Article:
Absolute beginner starting violin at third position.
I myself am learning third position using the Doflein method book three. In some of my research for practice third position repertoire I read that some teachers, way back before Suzuki became “the standard”, used to start off violin beginners from the third position. I think that might have been a good idea since it brings the fourth finger into heavy use right away and the finger stretches would be easier.
Did anyone here start in third? Would you have started in third it if you had the choice and the knowledge you have now? Can anyone recommend a teaching method book that starts off in third position.
Checking your profile it looks like you were an "absolute beginner" 5 years ago. So, how has it been going for you?
Hi Andrew. I was hoping you would weigh in. I think I will always be in the beginner category especially as it is defined by others on this site ie. What level classical repertoire are you playing? Getting into third position has lead me to the question on why it took so long to get here. I went by the syllabus of study Doflein laid out. I figured I didn’t have any expertise to question that. But I wish I had.
My first two years of lessons were with the Laoureux method, which starts in first position. Leopold Mozart's method begins in first position. Baillot's method starts in first position. I don't think you can pin any of this on Suzuki.
I've never heard of anybody starting out in third position. It doesn't seem to make sense for many reasons.
Ann, I think he meant he's absolute beginner in third position.
Third position is an excellent place to practice hand vibrato (what we used to call "wrist vibrato"), but being able to move between positions is the real challenge. (4th position is the cellist's equivalent of the violinist's 3rd position.)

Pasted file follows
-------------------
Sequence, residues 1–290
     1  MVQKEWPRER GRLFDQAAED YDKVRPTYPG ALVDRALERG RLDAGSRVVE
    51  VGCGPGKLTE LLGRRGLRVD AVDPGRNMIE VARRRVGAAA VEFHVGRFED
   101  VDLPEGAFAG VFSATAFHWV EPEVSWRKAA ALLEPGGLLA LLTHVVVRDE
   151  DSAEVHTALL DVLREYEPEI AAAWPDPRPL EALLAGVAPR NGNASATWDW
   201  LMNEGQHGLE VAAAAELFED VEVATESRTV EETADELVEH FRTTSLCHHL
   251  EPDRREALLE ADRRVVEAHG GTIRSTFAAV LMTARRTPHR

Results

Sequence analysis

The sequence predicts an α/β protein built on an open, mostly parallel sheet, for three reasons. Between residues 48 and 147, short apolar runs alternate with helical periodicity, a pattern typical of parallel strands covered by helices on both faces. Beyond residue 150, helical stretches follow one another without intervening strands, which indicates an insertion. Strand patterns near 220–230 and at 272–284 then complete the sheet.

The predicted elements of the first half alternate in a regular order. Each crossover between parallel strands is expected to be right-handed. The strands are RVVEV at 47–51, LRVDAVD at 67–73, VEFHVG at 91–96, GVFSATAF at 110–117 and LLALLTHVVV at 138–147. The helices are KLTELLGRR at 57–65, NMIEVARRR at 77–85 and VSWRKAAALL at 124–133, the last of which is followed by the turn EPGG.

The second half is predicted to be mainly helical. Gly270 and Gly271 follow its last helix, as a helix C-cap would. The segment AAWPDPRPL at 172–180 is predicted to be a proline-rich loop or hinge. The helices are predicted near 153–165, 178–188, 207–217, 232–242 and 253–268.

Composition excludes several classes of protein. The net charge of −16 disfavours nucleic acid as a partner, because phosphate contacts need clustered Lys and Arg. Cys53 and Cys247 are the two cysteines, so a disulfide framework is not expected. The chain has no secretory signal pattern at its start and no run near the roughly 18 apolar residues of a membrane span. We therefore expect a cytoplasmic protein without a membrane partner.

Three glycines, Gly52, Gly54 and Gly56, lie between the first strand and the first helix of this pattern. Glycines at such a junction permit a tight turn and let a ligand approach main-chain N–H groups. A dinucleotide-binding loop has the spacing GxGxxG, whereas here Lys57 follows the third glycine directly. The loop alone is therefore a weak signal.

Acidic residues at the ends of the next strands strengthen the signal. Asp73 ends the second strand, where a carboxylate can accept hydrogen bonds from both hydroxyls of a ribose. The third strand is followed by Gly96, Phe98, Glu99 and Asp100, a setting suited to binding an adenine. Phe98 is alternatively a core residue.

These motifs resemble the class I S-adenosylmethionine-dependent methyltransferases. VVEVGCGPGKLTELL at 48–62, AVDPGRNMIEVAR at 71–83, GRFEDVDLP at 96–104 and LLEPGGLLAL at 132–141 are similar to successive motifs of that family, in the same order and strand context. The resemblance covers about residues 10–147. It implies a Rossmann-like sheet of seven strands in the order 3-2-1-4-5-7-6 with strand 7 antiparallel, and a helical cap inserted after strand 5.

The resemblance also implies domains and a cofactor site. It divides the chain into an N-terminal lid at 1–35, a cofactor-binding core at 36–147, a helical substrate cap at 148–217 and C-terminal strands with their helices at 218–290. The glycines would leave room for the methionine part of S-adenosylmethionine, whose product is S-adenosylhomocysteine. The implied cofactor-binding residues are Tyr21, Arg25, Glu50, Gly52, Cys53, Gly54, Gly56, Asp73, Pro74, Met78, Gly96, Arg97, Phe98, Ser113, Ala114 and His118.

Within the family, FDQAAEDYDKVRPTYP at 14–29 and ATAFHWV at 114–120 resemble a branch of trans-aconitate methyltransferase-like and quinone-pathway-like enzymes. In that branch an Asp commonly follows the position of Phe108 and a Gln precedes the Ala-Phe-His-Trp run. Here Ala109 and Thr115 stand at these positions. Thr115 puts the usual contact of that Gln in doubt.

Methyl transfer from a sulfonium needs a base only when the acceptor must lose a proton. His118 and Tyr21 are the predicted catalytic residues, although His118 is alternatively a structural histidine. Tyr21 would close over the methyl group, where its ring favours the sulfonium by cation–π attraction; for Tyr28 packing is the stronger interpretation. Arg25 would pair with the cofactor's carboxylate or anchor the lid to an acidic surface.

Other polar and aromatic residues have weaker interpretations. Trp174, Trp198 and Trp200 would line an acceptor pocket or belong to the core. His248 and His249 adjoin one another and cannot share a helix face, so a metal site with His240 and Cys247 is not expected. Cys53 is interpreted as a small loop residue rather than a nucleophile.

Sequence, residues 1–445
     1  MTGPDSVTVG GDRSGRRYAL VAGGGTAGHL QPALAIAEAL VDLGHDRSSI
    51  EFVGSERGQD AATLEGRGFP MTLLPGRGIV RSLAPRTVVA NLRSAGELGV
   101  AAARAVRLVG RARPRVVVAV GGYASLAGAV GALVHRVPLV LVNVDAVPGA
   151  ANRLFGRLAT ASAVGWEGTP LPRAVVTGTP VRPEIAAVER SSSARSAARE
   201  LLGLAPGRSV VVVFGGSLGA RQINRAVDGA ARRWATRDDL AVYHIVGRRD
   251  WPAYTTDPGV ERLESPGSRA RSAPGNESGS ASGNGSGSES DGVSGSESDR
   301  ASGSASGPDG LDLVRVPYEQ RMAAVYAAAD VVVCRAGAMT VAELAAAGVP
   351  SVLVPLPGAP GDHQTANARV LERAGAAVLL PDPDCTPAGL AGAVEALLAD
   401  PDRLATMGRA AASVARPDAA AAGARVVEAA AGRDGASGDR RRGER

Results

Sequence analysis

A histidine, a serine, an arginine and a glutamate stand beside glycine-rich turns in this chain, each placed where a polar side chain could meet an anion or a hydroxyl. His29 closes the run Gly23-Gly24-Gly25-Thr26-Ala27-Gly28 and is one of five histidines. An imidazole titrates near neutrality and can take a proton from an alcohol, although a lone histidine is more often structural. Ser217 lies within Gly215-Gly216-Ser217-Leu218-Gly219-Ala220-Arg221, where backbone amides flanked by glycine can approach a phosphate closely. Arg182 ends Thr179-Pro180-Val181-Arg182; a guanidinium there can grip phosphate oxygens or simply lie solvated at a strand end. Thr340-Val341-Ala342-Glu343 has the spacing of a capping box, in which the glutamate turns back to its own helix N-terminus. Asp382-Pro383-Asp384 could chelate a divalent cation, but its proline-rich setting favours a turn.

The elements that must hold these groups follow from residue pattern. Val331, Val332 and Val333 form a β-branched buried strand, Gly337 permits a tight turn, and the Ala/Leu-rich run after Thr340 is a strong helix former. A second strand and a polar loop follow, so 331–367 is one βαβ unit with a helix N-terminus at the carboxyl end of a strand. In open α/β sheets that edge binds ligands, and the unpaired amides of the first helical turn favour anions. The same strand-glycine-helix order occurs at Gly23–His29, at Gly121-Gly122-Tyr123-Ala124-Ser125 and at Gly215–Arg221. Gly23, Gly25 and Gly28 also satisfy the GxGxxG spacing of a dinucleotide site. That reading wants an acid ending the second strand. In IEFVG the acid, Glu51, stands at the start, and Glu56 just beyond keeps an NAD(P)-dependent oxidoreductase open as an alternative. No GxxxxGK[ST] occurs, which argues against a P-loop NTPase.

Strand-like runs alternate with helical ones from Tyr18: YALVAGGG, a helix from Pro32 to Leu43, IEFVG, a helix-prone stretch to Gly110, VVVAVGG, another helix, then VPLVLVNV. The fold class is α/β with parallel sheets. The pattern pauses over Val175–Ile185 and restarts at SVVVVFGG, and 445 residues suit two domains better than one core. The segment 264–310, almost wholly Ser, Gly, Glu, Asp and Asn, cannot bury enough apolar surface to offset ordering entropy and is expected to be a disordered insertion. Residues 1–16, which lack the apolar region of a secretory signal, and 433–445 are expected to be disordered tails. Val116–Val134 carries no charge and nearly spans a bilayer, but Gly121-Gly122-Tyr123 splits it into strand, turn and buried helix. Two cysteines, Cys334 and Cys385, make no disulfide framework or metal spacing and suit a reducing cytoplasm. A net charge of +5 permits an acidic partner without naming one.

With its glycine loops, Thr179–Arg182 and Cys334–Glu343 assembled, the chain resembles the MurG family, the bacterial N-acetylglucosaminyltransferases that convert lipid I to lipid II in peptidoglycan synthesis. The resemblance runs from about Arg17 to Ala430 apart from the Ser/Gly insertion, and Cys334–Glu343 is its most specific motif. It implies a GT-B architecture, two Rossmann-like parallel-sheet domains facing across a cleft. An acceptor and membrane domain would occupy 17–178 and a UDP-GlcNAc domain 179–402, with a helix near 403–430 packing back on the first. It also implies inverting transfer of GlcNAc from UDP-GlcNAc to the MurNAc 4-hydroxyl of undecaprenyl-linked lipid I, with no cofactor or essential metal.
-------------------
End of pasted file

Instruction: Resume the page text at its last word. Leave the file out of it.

I just found this. It is not what I was referring to in the op paragraph but it is pertinent to the discussion topic I think.
I really hope this does not devolve into a Suzuki pro/con discussion. I like the Suzuki repertoire and have the first two books for material. You have to admit that if someone in the violin world asks “what book are you on?” - the method is understood to be Suzuki, further clarification is not necessary. I’m ok with that.
Colourstrings method, which is takes its lead from kodaly, starts off in positions. The first step after open strings is 'magic notes or harmonics in different spots.
My teacher started me in 1st position and we didn't start in Suzuki - though we did eventually go there after he taught me to read music.
Starting in 3rd position makes no sense at all to me, never heard of it.
This issue has come up before on violinist.com. There's no real problem with starting off in third position, but the thing about "minority" methods like that (and I would guess fewer than 1% of all students start in 3rd position these days) is that you'll have more trouble finding people who have done that and can advise you within the context of your specific path. One nice thing about playing an open string once in a while is that it's really glaringly obvious if your hand position has drifted at all. Of course you can tell that from the resonances in third position too, but it's more subtle if you have not trained your ear (yet) to hear that.
Hi David. I see you went back and edited your first post above. You somehow felt the need to disparage my (to you) slow progress at learning the violin and brand me as a lazy student. Why did you do that? I see your bio states that you went to Portuguese Catholic University and hold a Master's degree in Music Teaching. You are a teacher. Is this the way you were taught to interact with learners at a Catholic school?